Can an SUV ever be a truly exciting drive? Now in its third generation, the Kia Sorento has had more than just a facelift to bring it up to date, and while its new body and wheelbase is never going to feel like a Ferrari on the road, for carting around the whole family it's an appealing prospect.

Sat in among the likes of the Nissan X-Trail and Volvo XC90, the Sorento is Kia's top-of-the-line car. There's bundles of tech and appealing trim on board. Well, if you're willing the pay the extra for it - but even the top-of-the-range model with all the toys tops out at £41,500 compared to the entry level Volvo's £50,000 starting price.

Does the Kia Sorento get the balance of functional and fun right?

The Sorento's face has supposedly been fashioned on a wolf's appearance (albeit minus the fur coat); we don't quite see the lupine snarl, but it's less bulbous than the X-Trail's rounded front, and there's more natural motion to the headlamp lines than something like the tech-faced, more rigid Honda CR-V.

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The grille is broken only by the Kia badge, and is considerably beefier than the smaller Kia Sportage. The choice of front grille - if it can be called exactly that - is an unusual series of triangles. It's very Jaguar-esque, but not as premium.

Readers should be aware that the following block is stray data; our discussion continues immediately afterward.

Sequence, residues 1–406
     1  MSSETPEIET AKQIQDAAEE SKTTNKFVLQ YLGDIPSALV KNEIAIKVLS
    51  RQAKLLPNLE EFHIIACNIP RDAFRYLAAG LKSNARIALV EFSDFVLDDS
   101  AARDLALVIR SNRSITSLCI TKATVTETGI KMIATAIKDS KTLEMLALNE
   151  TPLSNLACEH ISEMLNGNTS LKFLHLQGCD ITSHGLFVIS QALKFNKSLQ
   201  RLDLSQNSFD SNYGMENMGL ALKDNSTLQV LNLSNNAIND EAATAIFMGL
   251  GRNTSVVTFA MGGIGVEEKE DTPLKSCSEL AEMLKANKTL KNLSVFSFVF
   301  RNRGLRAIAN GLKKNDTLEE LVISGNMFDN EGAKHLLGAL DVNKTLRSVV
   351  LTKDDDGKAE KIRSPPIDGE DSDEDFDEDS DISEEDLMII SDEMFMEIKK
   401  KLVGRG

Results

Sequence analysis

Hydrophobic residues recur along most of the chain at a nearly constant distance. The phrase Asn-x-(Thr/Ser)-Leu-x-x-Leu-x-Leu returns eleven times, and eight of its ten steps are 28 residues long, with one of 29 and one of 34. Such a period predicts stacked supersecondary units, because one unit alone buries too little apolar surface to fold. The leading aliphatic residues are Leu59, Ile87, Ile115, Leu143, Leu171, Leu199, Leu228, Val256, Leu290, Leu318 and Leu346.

To the rear, the sizeable rump features LED lamps, a sharkfin spoiler up top, and a broader shouldered look than the gentler front. The wolf's gone out the window from this angle, it's a little more hippo - but the form has definite function, as boot space definitely doesn't lack.

Compared to the Nissan and Honda the Sorento is the slightly larger model: at 4.78-metres there's a lot of car to squeeze the family into. We drove two 5-seat configurations on the roads in Europe in 2015 and a 7-seat version in the UK in 2016.

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If seven seats are going to be too much then the two rear-most seats will fold down into the floor giving you plenty of space for the weekly shop, or luggage space for a week away, or a couple of kids' bikes.

With the seven seats up you get a 142-litre boot space. With five seats up you get 605-litre capacity. The middle row also flat-packs (to a point) so you can move the occasional wardrobe around too. The boot spans a 1.37m width, meaning you can fit stacks in without sacrificing on comfort for anyone. The Sorento certainly serves its SUV purpose.